The Doctor is Definitely In!

08.31.20
Age: 3-55-88-10

08.31.20 • 2:00 pm EDT | 1 response |

Oh, the Places You’ll Go!

By Dr. Seuss

Theodor Seuss Geisel, aka Dr. Theophrastus Seuss, the pen name he once used in his career as writer, poet and cartoonist, popped into my head the other day and the title of the above picture book that entered my life 47 years ago – on my wedding day.

Strange you might say that a picture book could be a touchstone to a turning point in ones life, but that is exactly what “Oh, the Places You’ll Go” was to me on June 16, 1973.

My husband and I sat in Fordham Chapel and waited for his brother, Tom, a Jesuit, to begin the homily at our wedding. Okay, so I figured it would be deeply theological and filled with literary references on love. It was, in a way, but the references were solely on a picture book by Dr. Seuss.

Hmm, I thought, a bit disappointed as I listened.

“Where is all this going?” It was going to a great place via a great book with a great message for the young traveler – on the road to a new marriage, a new career or a new anything in life.

As the book starts out, and we do too, on any of the above mentioned journeys, we are filled with optimism, heads filled with the endless possibilities that life holds. NOTHING can dampen the enthusiasm we feel for this initially perfect, mistake-free future we seek. But, as Dr. Seuss oh so practically phrases it:

I’m sorry to say so

but, sadly it’s true

that Bang-ups

and Hang-ups

can happen to you.

You’ll get mixed up, of course,

as you already know.

You’ll get mixed up

with many strange birds as you go.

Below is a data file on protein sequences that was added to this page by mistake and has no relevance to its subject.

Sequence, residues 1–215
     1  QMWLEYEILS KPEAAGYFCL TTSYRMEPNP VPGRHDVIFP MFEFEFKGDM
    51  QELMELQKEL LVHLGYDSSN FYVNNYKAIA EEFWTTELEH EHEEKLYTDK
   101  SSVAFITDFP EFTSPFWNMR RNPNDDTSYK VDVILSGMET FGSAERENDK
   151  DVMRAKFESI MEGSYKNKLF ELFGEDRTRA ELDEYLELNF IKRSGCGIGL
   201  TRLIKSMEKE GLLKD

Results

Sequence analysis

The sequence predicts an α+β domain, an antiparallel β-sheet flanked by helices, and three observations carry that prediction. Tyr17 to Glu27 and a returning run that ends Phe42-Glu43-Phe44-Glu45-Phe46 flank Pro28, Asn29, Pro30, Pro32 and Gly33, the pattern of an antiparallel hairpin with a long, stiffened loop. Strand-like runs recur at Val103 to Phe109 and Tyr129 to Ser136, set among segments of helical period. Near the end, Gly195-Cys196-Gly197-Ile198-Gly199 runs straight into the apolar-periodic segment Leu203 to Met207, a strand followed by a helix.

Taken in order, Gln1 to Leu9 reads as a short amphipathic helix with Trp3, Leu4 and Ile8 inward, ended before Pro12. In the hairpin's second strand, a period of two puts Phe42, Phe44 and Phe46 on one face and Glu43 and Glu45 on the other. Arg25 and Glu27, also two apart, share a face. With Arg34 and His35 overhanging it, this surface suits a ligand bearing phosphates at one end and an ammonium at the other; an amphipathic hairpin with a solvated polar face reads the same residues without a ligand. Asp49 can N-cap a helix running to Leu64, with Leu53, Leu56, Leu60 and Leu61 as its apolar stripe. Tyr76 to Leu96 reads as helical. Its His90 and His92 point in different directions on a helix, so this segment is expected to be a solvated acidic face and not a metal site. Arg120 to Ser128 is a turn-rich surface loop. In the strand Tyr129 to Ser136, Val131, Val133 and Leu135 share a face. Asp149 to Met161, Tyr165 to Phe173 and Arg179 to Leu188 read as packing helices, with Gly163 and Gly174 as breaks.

So be sure when you step.

Step with care and great tact

and remember that Life’s

a Great Balancing Act.

Just never forget to be dexterous and deft.

And never mix up your right foot from your left.

Taken as a whole, it’s probably one of the best and most succinct pieces of advice for a young couple starting out, never mind young ones starting off on their own first life adventures of any and all sorts.

In his humorous verse, Dr. Seuss has built in a story with wit and wisdom for the newly wed or the newly graduated from kindergarten or even high school or college. It abounds with life lessons.

Fun, fame, choice, and being alone all figure into the trip. And while your child is turning the pages to this wonderful book, they are also learning some of the foundations of that new buzzword called “emotional intelligence”: the ability to perceive, control and evaluate emotions.

It appears to be in the culture of the now, or in the future, every bit as important as the intelligence that we are usually used to measuring, via testing in today’s children, to the nth degree.

Being a child in 2020 in the midst of the Covid-19 pandemic and the slew of new normals that came with it, requires an ability to negotiate and become resilient to the ups and downs of life when the unexpected occurs requiring both patience and tenacity!

A new school year with all the new safety protocols in place such as sanitizing, face masks, social distancing and the like are apt to be a bit unsettling, no?

Maybe not, if we model to our children the same unflappable demeanor and adaptability that we want THEM to strive to achieve in the face of the new and not so nice normality of restrictions that life will most certainly put in their path, at times.

“Oh, the Places You’ll Go” is the perfect beginning picture book roadmap for children on the journey of life, plus they are the main character.

And hey, it helped me too on that long ago June day when I muttered to myself, “What can a picture book teach me?”

Well….. I’ve been married for 47 years and those Seuss lessons came in very handy now and again.

You go, Dr. Seuss! Life is the Great Balancing Act!

And hey, teeter totters are fun….once you get the right balance.

Comments:

1 response |
  • Heather

    on November 5, 2013 15:30

    I think about precisely why you called this specific blog post, “Oh
    the Places You’ll Go!, Dr. Seuss”. In either case I
    appreciated the blog!Thanks for your time-Morris

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